Enterprise Initiatives

This blog focuses on Enterprise IT topics such as Enterprise Architecture, Portfolio Management, Change Management, Business Process Management, and recaps various technology events and news.

I attended Zapthink's Practical SOA event on Tuesday in New Jersey. There were many great presentations from both vendors and practitioners. There were three different case studies presented including mine which was on selling SOA to the Business (the video will be posted soon). What was interesting to me was the three different paths the companies in these case studies took. The first case study was from The Hartford. They have a well established governance model and are very far along into the maturity model. If you read a text book on what SOA governance should look like, it will look like the Hartford. They have their processes so buttoned up that they even tie developers' annual review process to how they adhere to Hartford's best practices in reusability. A key take away is the fact that this took several years and a firm commitment from their leadership team to put this in place.

The second case study was from Lehman Brothers which was implemented in a totally different fashion. In this scenario, the governing body had very little control and power over the distributed development groups. So instead of just giving in and giving up, they took a different approach. They leveraged tools and some custom code to discover web services and usage of services in the repository. They would receive a page anytime a new service was discovered. Then they would study the service to see if it was constructed the proper way. If there were opportunities for improvement, the governance team would engage in conversations with the service owners to coach and mentor them on the proper design and deployment of their services.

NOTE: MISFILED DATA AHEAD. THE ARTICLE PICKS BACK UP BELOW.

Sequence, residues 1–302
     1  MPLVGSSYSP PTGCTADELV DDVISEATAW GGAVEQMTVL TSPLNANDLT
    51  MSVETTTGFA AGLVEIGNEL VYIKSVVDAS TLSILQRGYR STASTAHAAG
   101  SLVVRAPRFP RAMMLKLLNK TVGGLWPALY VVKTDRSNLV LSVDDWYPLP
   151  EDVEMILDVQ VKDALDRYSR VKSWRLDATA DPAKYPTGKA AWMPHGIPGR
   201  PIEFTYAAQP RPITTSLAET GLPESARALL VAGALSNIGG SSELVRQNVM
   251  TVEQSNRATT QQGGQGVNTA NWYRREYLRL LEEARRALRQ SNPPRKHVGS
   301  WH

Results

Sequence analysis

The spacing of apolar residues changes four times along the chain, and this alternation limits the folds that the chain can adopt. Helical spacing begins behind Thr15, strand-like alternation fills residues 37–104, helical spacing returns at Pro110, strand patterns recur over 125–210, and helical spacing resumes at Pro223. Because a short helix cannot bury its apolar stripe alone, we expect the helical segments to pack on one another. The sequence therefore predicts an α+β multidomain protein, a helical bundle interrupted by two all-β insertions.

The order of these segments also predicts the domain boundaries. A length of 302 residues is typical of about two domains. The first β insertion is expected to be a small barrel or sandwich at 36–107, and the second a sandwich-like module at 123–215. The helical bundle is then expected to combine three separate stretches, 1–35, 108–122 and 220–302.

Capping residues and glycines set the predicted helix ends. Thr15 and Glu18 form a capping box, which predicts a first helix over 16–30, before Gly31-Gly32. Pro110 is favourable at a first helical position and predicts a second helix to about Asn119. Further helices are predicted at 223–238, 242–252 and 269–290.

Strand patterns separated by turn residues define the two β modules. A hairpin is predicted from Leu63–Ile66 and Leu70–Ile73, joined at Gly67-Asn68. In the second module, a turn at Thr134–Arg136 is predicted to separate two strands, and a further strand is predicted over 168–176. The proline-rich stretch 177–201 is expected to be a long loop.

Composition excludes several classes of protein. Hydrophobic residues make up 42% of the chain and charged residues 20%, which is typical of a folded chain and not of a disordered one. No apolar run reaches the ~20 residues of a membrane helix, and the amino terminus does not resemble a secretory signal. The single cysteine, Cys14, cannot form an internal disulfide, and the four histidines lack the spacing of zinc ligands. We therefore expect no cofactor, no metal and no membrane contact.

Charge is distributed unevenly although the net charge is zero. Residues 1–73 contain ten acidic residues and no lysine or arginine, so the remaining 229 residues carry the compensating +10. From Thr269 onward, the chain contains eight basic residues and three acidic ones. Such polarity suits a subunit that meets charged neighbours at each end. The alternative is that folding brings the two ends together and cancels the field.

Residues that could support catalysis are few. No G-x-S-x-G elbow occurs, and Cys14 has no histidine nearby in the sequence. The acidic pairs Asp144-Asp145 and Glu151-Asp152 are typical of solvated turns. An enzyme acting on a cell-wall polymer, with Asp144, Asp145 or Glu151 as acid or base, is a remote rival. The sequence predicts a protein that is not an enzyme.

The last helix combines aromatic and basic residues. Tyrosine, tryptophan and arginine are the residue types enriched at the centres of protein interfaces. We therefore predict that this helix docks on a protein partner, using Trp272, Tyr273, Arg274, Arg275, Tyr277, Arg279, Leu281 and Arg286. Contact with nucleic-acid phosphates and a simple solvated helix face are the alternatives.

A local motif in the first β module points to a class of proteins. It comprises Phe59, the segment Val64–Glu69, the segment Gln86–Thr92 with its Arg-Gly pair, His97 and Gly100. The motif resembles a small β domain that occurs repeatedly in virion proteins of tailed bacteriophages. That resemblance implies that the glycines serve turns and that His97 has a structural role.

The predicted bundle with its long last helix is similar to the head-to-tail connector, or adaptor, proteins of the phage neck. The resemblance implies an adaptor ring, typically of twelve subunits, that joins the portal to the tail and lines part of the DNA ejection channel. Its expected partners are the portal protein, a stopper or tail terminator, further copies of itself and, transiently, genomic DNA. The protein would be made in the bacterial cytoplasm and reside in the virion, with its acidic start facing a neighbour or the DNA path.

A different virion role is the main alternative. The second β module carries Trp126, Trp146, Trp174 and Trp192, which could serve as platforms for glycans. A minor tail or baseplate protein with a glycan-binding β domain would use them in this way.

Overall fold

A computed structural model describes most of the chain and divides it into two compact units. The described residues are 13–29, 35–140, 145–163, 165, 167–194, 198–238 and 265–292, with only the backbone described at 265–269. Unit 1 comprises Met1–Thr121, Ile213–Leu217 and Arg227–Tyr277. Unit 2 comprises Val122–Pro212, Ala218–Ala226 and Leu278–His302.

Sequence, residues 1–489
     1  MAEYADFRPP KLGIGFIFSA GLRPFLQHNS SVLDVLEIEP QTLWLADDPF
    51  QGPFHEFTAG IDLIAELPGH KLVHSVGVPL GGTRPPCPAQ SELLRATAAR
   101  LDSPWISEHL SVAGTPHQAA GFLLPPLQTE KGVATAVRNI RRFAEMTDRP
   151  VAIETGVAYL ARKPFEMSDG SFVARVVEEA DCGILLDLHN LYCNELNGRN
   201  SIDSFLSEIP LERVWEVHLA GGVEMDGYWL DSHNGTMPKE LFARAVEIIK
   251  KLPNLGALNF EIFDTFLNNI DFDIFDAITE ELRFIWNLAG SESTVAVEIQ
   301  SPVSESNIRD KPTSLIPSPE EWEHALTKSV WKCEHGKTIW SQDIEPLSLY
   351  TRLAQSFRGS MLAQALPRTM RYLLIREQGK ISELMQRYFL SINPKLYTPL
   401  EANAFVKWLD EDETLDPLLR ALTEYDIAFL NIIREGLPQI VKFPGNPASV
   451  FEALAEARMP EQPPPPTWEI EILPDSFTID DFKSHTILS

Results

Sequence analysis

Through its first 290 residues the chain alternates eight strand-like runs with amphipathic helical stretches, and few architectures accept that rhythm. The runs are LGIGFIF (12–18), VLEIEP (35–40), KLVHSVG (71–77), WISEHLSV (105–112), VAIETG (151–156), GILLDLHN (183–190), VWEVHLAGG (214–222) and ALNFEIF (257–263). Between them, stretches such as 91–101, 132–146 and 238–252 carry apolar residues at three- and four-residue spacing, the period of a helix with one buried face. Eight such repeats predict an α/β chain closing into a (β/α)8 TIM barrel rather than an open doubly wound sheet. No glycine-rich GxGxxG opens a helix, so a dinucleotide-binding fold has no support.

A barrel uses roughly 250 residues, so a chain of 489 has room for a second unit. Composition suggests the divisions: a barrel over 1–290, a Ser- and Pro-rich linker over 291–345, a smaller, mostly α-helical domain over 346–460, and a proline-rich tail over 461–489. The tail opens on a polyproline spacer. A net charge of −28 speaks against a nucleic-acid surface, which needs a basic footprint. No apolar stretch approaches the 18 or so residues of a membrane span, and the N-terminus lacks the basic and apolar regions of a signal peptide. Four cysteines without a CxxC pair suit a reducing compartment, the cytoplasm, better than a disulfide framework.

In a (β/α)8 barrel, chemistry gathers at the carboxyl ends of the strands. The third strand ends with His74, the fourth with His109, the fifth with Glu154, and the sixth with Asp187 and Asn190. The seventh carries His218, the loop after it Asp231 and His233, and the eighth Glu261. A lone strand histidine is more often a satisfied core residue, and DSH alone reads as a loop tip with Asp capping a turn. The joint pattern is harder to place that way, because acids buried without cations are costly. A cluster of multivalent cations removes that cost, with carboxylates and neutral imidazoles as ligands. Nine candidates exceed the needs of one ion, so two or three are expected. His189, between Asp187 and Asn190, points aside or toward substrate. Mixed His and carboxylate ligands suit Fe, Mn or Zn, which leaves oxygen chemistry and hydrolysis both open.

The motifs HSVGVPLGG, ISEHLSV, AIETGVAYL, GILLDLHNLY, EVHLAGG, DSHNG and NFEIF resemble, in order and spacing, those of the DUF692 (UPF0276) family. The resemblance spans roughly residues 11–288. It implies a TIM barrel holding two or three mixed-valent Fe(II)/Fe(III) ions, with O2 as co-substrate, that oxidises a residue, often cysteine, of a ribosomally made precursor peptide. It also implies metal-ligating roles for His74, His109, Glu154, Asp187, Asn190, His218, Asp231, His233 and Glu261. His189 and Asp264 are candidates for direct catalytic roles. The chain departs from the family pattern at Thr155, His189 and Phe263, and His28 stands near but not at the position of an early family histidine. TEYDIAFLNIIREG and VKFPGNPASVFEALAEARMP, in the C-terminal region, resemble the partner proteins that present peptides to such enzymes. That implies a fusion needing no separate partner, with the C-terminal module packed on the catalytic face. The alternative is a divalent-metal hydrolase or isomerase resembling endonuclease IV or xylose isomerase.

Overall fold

In my scenario, we have a totally different story. Because we were so successful in selling the business on BPM and SOA, they funded the initiative and targeted very aggressive delivery dates for key functionality. That did not leave us enough time to plan and implement a governance model. So we are establishing a road map for delivering governance one step at a time. We understand the risks of not having enough governance up front and expect some headaches along the way, but the business was not going to wait a year for us to put those processes in place.

So theory and text books say that you must start with governance. The reality is you evolve governance over time. I highly recommend attending these Practical SOA conferences if you get a chance. I jokingly refer to it as group therapy because we are all sharing our lessons learned.
If you missed the conference, there are two more scheduled. The next one is in London on April 25 and the last one is in Las Vegas on May 16. I also highly recommend the LZA SOA Bootcamp which I recapped a while back. Ron at Zapthink told me that they are targeting May 5-8 in New Jersey for the next boot camp if they get enough people interested in it. Send Ron an email at info@zapthink.com if you want to attend.


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"If you don't know where you're going, any road will get you there"

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